Formula One website targeted by Anonymous in Bahrain GP protest
Published Apr 20 2012, 17:30 BST | By Andrew Laughlin
The Anonymous hacking group appears to have taken down the Formula One official website in protest at the controversial hosting of the Bahrain Grand Prix.
The hacktivists are understood to have hit www.formula1.com
with a distributed denial-of-service (DDoS) attack, temporarily making it unavailable. The site is currently loading, but just displaying a black screen.
The attack comes before the Bahrain Grand Prix this weekend, which is scheduled to go ahead despite violent unrest and protests in the country.
Under the banner of "#OpBahrain", Anonymous hackers defaced the F1 website, and posted a press release detailing a number of objections to the Grand Prix going ahead.
The hacking group claimed that the people of Bahrain have struggled under the oppressive regime of King Hamad bin Al Khalifa, including alleged murder, torture and detention.
"Still the regime persists to deny any meaningful reform and continues to use brutal and violent tactics to oppress the popular calls for reformation. Not only is the Human Rights situation in Bahrain tragic, it becomes more drastic with each passing day," said the Anonymous statement.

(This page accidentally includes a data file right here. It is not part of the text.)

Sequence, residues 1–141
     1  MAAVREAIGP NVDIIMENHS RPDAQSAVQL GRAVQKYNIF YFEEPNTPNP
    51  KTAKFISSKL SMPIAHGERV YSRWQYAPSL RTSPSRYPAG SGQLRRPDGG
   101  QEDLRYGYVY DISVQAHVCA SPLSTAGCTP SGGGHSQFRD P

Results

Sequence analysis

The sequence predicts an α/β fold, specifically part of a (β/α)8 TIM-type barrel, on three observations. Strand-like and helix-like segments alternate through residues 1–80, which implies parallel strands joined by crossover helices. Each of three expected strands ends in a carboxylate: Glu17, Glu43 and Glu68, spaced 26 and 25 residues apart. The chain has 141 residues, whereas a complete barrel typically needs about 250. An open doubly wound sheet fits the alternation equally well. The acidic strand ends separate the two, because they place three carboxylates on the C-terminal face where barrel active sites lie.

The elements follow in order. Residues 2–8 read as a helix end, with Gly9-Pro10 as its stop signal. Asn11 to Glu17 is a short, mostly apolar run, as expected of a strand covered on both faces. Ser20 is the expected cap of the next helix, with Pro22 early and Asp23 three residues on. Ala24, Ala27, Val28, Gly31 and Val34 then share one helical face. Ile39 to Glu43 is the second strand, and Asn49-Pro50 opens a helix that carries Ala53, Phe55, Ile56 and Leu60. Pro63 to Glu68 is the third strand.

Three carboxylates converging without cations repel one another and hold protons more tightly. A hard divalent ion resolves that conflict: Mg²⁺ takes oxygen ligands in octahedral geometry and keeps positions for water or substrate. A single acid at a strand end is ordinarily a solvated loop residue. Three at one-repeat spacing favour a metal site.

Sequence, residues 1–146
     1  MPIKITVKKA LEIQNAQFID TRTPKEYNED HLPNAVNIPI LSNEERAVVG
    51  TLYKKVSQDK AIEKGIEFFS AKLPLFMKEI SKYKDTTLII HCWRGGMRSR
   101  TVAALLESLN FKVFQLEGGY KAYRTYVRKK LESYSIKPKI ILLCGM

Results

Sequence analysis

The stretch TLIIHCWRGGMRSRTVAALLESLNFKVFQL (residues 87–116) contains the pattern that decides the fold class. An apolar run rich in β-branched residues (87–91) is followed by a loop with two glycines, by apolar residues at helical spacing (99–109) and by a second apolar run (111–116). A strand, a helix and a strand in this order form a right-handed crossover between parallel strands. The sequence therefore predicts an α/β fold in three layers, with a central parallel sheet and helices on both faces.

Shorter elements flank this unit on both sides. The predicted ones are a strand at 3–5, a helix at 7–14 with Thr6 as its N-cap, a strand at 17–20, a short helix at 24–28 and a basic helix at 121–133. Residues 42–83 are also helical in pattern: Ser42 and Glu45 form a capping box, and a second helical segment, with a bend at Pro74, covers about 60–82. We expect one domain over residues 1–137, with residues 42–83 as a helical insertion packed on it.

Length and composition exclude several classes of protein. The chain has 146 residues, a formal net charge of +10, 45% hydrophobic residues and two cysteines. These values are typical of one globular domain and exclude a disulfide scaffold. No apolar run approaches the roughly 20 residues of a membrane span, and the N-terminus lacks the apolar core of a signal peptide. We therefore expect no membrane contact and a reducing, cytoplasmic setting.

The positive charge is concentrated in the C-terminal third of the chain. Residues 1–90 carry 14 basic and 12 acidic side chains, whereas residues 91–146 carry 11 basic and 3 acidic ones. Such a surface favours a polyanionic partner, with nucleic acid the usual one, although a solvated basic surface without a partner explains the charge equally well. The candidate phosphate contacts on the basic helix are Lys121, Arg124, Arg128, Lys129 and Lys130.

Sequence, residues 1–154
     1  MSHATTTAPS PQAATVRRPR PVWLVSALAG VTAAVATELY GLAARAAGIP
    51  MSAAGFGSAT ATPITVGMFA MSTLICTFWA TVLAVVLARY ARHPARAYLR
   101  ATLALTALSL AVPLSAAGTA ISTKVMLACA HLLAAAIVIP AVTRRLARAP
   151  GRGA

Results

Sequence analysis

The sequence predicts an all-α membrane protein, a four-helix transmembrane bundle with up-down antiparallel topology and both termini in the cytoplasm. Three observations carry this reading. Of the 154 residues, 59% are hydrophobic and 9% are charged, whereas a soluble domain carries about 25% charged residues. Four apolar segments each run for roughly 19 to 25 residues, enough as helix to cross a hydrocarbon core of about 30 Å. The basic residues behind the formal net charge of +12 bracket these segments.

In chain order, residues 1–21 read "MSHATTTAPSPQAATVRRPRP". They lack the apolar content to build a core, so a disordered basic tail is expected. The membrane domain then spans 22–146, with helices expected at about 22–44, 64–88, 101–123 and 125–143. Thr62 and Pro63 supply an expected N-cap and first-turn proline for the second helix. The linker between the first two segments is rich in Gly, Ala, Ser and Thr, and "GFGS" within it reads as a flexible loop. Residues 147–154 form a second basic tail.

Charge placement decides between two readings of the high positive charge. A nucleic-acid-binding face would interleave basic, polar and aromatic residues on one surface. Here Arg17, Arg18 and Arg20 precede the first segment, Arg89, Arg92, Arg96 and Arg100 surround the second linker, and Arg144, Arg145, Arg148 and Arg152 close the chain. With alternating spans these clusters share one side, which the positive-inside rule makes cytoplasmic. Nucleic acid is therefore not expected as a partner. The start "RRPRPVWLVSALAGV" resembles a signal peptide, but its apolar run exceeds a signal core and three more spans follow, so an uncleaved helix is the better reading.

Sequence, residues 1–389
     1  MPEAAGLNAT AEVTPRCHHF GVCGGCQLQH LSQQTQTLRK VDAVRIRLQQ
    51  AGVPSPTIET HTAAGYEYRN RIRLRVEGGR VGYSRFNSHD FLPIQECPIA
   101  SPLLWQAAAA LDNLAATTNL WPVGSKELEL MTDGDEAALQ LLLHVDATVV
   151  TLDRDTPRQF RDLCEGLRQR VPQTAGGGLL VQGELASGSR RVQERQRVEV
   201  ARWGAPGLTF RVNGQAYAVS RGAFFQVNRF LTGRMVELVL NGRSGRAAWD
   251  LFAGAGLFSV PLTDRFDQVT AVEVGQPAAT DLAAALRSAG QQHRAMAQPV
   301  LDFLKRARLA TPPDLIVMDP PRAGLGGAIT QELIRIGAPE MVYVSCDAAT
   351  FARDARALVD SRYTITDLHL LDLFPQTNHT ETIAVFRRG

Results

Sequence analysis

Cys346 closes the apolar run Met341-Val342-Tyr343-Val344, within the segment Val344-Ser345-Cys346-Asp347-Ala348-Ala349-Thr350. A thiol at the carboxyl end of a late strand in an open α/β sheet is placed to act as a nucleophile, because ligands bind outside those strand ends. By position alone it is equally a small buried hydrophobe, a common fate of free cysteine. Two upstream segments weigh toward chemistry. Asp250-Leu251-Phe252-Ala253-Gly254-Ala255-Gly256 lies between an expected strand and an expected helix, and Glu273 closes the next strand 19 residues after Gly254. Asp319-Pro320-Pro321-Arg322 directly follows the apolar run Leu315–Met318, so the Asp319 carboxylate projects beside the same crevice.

"For these reasons the F1 Grand Prix in Bahrain should be strongly opposed. The Al Khalifa regime stands to profit heavily off the race and has promised to use live ammunition against protestors in preparation.
"They have already begun issuing collective punishment to entire villages for protests and have promised further retribution 'to keep order' for the F1 events in Bahrain.
"The Formula 1 racing authority was well-aware of the Human Rights situation in Bahrain and still chose to contribute to the regime's oppression of civilians and will be punished."
Anonymous has used DDoS attacks on several previous occasions to protest against the actions of authorities, such as hacks on sites including the US Department of Justice and the Motion Picture Association of America following the closure of file-sharing site Megaupload
Internet security expert Graham Cluley said that this latest attack is unlikely to change the position of the F1 bosses, but it could make more people aware of the controversy.
"Attacks against websites are hardly likely to change the minds of the Grand Prix organisers, but there's no doubt that these actions do make even more people aware of the controversy surrounding the race this weekend," he said in a post on the Naked Security blog
"DDoS attacks are one of the favourite weapons in Anonymous's armoury. Just earlier this month, Anonymous supporters successfully launched DDoS attacks against websites belonging to the British Home Office and 10 Downing Street.
"Internet users are reminded that denial-of-service attacks are illegal. If you participate in such an attack you could find yourself receiving a lengthy jail sentence."> Sky, the BBC urged to boycott Bahrain Grand Prix